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We're Number One...

... in graphic novels.

The second volume of the GAME OF THRONES graphic novel debuted at #1 on the New York Times bestseller list:


(And, hey, the following week's list is out, and we're still number one).

My thanks and congratulations to Daniel Abraham (who wrote the script) and Tommy Patterson (who drew the pictures) and Mike S. Miller (who did the covers). They do all the real work on this one. This is their triumph, much more than mine.

I'm glad so many of you are enjoying the funny book.


Jul. 9th, 2013 08:28 pm (UTC)
Re: House Martell Casting
Hi George. While it's tough to say definitively whether tumblr-based ASOIAF fan blogs are largely women, anecdotally and in my experience they do tend to be so. And there are plenty of them (again, anecdotally and in my experience) that feel unwelcome at Westeros, etc. for a variety of reasons, often because the massive population of those sites leads to a diversity of viewpoints that are often in open and dramatic conflict. Tumblr fan circles tend to be more self-selecting, like Livejournals, making it easier to be a fan having dialogue with other fans on your choice of level, without having to deal with viewpoints perceived as offensive. Westeros in particular has a reputation (somewhat though by no means completely deserved, in my opinion) of being full of your more traditional fantasy fan, who lack... nuance.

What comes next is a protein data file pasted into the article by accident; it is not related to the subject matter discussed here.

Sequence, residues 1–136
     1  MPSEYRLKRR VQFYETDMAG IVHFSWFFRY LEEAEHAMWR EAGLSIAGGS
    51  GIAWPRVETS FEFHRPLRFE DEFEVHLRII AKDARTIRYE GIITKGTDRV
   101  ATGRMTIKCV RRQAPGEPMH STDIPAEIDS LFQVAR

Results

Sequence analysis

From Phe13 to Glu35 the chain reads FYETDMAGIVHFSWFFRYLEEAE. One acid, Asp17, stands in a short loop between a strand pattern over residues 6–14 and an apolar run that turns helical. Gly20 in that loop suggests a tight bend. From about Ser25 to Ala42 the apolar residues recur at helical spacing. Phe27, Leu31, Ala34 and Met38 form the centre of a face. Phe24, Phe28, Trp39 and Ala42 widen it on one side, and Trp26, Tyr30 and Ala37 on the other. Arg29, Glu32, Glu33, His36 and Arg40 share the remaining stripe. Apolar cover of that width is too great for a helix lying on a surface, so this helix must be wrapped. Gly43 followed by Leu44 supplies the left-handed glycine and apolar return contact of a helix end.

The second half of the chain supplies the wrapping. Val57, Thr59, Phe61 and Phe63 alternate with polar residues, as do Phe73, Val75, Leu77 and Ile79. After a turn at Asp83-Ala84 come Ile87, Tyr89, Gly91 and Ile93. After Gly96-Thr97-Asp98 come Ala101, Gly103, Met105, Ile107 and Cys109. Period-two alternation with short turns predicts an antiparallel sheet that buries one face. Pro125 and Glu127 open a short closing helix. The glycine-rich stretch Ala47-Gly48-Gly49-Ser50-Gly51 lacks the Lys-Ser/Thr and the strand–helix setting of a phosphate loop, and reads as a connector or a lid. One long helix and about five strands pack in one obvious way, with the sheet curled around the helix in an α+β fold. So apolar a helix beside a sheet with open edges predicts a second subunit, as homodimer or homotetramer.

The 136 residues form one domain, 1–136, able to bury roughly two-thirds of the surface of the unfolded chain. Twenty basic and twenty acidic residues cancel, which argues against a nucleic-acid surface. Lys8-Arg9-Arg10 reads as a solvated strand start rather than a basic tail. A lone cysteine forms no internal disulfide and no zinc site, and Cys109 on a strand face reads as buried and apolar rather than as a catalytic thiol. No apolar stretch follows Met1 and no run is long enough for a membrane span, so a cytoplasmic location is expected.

I don't want to minimize the experiences of the folks that feel unwelcome at Westeros, &c as being overly sensitive or dramatic. Sure, there's some of that, but to be fair there are a lot of loudmouth jackasses on the Westeros boards. It doesn't help that the partner of the site owner and moderator has been repeatedly, openly and viciously hostile and contemptuous to and of fans of certain viewpoints.

You know me - I relish the opportunity to wade in with both fists swinging. But there are many that just don't want to slough through the often gender-based ugliness that results in, say, attempting to defend Sansa as a character or discuss the way that alternative sexualities are portrayed through the POV-based prism of cultural relativism.


George R.R. Martin
George R. R. Martin

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